Over the objections of maritime unions, the Port of Seattle yesterday chose a mixture of industrial and commercial development for its 57-acre...
Over the objections of maritime unions, the Port of Seattle yesterday chose a mixture of industrial and commercial development for its 57-acre Pier 91 area between Magnolia and Queen Anne.
Port commissioners voted 3-2 to move forward with what will undoubtedly be a lengthy and contentious fight over the future of the mostly vacant land.
Under the plan adopted yesterday, the Port would seek zoning changes to allow a wider range of development, such as biotech research and manufacturing. Then the Port would use $25 million from King County taxpayers to develop roads and utilities before leasing the land to developers.
Supporters of the plan say it could bring 10,000 jobs to the city and help invigorate the region’s biotechnology industry by providing sorely needed space for biotech labs and manufacturing. It would support Pier 91’s tenants now, large fishing and seafood-processing operations that employ more than 1,000 workers.
Most Read Stories
- Parents, adult son believed dead in Sammamish murder-suicide
- Kickoff time, TV info announced for 110th Apple Cup
- Rebound with redemption: Huskies come back to beat Utah behind the unlikeliest of heroes
- Anthony Bourdain brought 'Parts Unknown' to Seattle — here's where he ate
- Huskies won't repeat as Pac-12 champs, but their consolation prize? The game of the year
The plan was a compromise: Commissioners had previously backed away from plans to allow residential development on a portion of the site, and the retail portion of the project is said to be the minimum needed to provide restaurants and shops for the planned work force.
Commissioners Bob Edwards, Pat Davis and Paige Miller voted for the plan, while Alec Fisken and Lawrence Molloy voted against it.
“Nothing’s finished with this,” Edwards said. “We’re just opening up to some possibilities.” He noted the Port will have to go through a lengthy process to change city zoning, and later commissioners would have to vote on each deal to lease North Bay land.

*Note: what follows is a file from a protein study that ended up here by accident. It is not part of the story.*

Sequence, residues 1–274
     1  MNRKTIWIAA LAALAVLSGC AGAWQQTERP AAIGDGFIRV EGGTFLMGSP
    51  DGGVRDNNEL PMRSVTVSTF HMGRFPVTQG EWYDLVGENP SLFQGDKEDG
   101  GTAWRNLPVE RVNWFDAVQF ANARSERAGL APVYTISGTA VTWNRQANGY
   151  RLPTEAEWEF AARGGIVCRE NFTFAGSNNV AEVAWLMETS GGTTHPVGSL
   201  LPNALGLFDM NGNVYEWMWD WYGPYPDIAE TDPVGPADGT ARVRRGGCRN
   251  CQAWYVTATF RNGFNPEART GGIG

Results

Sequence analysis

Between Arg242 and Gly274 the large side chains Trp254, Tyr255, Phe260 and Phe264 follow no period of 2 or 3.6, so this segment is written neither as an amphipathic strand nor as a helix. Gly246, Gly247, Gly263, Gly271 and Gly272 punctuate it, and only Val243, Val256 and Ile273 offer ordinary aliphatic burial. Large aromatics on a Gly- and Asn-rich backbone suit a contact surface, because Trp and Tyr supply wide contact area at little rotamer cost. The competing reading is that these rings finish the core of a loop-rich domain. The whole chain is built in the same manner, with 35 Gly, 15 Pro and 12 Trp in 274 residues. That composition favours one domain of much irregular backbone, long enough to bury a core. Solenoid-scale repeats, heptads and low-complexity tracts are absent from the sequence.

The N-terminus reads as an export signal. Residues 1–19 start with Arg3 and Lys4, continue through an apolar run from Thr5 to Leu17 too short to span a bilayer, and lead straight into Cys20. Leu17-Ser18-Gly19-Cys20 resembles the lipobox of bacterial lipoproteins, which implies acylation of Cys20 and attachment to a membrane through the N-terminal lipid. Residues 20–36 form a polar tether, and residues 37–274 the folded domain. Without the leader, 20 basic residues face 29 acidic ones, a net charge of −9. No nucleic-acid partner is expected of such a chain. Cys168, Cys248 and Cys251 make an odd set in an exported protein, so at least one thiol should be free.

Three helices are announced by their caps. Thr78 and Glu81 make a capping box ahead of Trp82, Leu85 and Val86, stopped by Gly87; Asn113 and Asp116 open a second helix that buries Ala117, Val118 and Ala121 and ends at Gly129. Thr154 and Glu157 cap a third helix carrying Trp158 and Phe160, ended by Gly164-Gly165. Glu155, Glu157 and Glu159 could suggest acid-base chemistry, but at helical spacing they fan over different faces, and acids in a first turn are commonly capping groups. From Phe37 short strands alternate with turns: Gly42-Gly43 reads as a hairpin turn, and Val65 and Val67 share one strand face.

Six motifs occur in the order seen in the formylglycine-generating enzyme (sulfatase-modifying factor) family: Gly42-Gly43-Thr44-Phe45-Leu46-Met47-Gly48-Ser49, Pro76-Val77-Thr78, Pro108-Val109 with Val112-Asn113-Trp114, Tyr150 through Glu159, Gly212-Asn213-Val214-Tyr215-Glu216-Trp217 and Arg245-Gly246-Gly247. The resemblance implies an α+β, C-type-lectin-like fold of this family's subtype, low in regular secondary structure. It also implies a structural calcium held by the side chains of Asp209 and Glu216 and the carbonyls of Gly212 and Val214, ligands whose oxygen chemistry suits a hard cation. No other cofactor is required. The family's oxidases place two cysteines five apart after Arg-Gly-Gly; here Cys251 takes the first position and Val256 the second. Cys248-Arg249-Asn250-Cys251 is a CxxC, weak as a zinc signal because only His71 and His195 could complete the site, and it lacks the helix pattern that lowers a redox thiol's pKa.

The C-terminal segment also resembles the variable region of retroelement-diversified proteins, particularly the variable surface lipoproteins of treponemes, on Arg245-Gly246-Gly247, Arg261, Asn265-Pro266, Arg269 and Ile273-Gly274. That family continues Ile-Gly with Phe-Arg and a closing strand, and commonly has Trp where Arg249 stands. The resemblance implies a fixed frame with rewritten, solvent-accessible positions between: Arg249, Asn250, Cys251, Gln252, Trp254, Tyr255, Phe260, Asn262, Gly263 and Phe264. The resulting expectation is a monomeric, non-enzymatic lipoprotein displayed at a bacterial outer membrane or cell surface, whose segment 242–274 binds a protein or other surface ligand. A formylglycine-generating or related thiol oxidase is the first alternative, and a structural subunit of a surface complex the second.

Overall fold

Davis and Edwards said they based their votes on the potential jobs. “We have an obligation to put public assets to work for the public,” Davis said. “We have a mandate to create jobs, in my opinion.”
Fisken questioned the $25 million investment, predicting a “large loss” if the Port went ahead with the plan. “I think we’d be better off if we just gave the land to the parks department,” he said. “We’d lose less money.”
Maritime unions and the King County Labor Council argued the Port is obligated to preserve the land’s designation for maritime-related industrial uses.
David Freiboth, president of the Inlandboatmen’s Union of the Pacific, said the potential for a cargo port at the site would be “destroyed” by the development plan. “When it goes away, it’s going to be gone,” he said, to make room for commercial- and light-industrial development that doesn’t need the waterfront site, he said.
The Port acquired much of the North Bay area from the Navy in the 1970s.
For years, state apples were exported through Piers 90 and 91, and Nissans were imported from Japan on their way to U.S. dealerships. Nissan moved out in 2000, apples a year later.
But John Munson, representing the International Longshoremen’s Union, said container traffic with Asia has grown and Terminal 91 might be needed once again to handle container traffic.
“To rezone the North Bay property is squandering an irreplaceable public asset,” Munson said.
Miller disagreed, saying the Port 15 years ago concluded that Terminal 91 didn’t have a future as a container port because of its location. Trucks transporting containers have to navigate the “Mercer Mess” to get to Interstate 5, she noted.
Miller said Terminal 91 houses some of the largest North Pacific fishing vessels, and the Port has invested $100 million to continue it as a maritime facility.
If the Port’s development plans are successful, it would create 3.75 million square feet of industrial and commercial space, more than twice as much as Seattle’s largest skyscraper, the Bank of America Tower.
Built over 25 years, the development would turn what is now mostly a wasteland of vacant parking lots into factories, offices, research labs, retail stores and restaurants.
The Port needs city approval to go ahead, and it’s not clear how Mayor Greg Nickels and City Council will respond, especially since the city is contemplating big investments to develop a biotech research-heavy neighborhood in South Lake Union.
Tom Boyer: 206-464-2923 or firstname.lastname@example.org